Visa or ESTA: Apply for the Right Document
A US visa is not the same as an ESTA travel authorisation. In most cases, an ESTA suffices to travel to the US, but in certain cases a visa might be necessary for the desired travel purpose and the time you plan on staying in the USA. Carefully read this page to decide if you need an ESTA or one of the various types of US visa.
US visas are broader and valid in more scenarios than ESTA travel permits. A US visa is required if travellers want to stay in the US for longer than 90 days, if they want to study or live in the USA, or if they want to enter into employment at an American company. Even if an ESTA application resulted in a rejection, it can under certain circumstances still be possible to travel to America by applying for one of the various types of US visa.
Want to apply for a US visa or an ESTA for your trip to the United States? Usually an ESTA suffices, but under certain circumstances, a visa is required to travel to the US.
When to Choose for an ESTA
Because applying for an ESTA is easier, faster and cheaper than applying for a US visa, it is wise to first check if you can make use of an ESTA. An ESTA is a travel authorisation, meant for business travellers and tourists that plan on staying in the United States for less than 90 days. Travel permits, ESTAs or visas are also mandatory for travellers on transit to a destination outside the US. Even travellers on a transit that will not be leaving the plane need to possess an ESTA or the correct US visa. The following list offers an overview of the requirements for an ESTA:
- The traveller has not been in Libya, Yemen, Sudan, Somalia, North Korea, Iraq, Iran or Syria since 2011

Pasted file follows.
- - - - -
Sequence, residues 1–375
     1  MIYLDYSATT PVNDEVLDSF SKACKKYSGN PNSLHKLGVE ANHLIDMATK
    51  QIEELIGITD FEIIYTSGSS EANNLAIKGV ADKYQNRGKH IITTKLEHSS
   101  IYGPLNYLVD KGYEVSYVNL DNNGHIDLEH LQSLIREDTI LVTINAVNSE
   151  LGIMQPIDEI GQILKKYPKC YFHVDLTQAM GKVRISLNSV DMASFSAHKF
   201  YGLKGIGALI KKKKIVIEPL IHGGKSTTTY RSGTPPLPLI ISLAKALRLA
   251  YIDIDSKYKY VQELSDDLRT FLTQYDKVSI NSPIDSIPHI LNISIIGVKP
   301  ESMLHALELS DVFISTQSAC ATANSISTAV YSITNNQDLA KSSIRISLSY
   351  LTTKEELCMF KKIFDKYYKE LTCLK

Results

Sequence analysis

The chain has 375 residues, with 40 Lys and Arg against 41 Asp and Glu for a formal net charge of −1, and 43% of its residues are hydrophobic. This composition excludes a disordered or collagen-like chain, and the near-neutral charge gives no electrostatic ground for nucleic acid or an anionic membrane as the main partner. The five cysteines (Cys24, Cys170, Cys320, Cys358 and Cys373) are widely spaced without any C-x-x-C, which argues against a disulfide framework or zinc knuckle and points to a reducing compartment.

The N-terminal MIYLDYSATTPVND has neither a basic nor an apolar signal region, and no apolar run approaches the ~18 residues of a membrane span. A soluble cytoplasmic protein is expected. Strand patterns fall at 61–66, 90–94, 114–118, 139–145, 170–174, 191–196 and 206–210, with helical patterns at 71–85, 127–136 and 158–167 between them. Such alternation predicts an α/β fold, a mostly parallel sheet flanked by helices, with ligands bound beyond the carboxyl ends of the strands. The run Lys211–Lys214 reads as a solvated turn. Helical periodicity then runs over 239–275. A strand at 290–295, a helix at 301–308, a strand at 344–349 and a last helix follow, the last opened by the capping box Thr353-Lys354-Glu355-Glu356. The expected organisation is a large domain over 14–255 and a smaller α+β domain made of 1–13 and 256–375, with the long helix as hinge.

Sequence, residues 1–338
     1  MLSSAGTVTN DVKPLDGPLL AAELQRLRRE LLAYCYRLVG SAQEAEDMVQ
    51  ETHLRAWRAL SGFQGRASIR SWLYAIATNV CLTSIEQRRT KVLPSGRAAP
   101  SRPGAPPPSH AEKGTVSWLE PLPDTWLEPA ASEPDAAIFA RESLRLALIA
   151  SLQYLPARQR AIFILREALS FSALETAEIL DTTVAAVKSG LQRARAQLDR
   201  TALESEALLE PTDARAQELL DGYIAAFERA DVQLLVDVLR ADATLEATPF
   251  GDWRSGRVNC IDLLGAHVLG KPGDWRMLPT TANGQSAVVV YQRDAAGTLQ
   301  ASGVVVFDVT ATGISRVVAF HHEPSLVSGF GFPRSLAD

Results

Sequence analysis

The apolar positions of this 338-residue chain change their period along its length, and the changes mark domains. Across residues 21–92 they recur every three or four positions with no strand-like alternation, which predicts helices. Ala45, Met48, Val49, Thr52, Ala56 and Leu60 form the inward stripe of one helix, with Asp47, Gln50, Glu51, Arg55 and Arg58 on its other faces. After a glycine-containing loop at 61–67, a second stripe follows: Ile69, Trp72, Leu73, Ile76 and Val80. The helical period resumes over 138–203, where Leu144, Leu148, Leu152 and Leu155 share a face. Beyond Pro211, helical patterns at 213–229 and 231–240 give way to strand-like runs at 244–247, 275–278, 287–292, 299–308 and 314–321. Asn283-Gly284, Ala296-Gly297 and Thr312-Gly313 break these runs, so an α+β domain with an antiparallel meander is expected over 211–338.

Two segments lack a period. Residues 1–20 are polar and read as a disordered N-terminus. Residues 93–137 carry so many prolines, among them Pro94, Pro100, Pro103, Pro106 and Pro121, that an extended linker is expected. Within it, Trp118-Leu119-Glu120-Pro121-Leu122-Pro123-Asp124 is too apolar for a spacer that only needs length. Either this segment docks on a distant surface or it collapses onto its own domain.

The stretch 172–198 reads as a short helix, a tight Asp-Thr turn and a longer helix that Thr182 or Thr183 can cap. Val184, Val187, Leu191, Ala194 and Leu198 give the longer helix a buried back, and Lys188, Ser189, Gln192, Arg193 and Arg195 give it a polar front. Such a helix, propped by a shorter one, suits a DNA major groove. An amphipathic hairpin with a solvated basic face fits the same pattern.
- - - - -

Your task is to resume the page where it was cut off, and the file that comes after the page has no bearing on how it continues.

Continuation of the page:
- The traveller possess a passport from a country under the Visa Waiver Program
- The traveller holds the nationality from a country under the Visa Waiver Program
- The traveller possess a passport that is valid for the entire stay in the US
- The traveller is going to the US for tourism, business or on a transit
- The traveller is staying for a maximum of 90 days in the US (consecutive)
- The traveller will not enter into employment with a company in the United States
- The traveller will not live in the US or file a request to do so
- The traveller is traveling with an airline which is part of the Visa Waiver Program
- The traveller states to have no objections against the rulings of U.S. Customs and Border Protection
When to choose for one of the US visa
If you do not meet the requirements to apply for an ESTA, you might still be able to apply for a visa to travel to the US. A difference between applications for a visa and ESTA travel authorisations is the difference in complexity; where there is only a single ESTA, there are a large number of different US visas. It is very important that you apply for the right US visa. Visas are issued for a single specific travel purpose. If you received a visa for a certain travel purpose, then you cannot use it to travel to the United States for a different travel purpose. Because this is usually only checked on arrival in the US, this can mean that you are denied access to the country and put back on a direct flight home (at your own expenses). To make certain that you are not applying for the wrong visa, it is best to discuss the travel purpose at the embassy at the moment that you are going to pick up your visa (US visa cannot be applied for online). For the following purposes, a specific US visa can be applied for:
- Representatives of governments (such as diplomats)
- Business travellers, for business trips or negotiations lasting longer than 90 days
- Tourists, for tourist trips lasting longer than 90 days
- Visits to family and/or friends lasting longer than 90 days
- Personnel of airlines or sea transport companies
- Students, to study at acknowledged institutions in the US
- Employees coming to the US for highly specialized work
- Employees of companies with holdings in both the US as well as the home country
- Exchange projects with an official registration
- Fiances of US citizens
- Athletes, artists, entertainers, and their teams and personnel
- Religious workers
- Informants, victims, and witnesses working on a police investigation
- Spouses and underage children of inhabitants of the United States
More information about the different US visas can be found on the page about the US visa.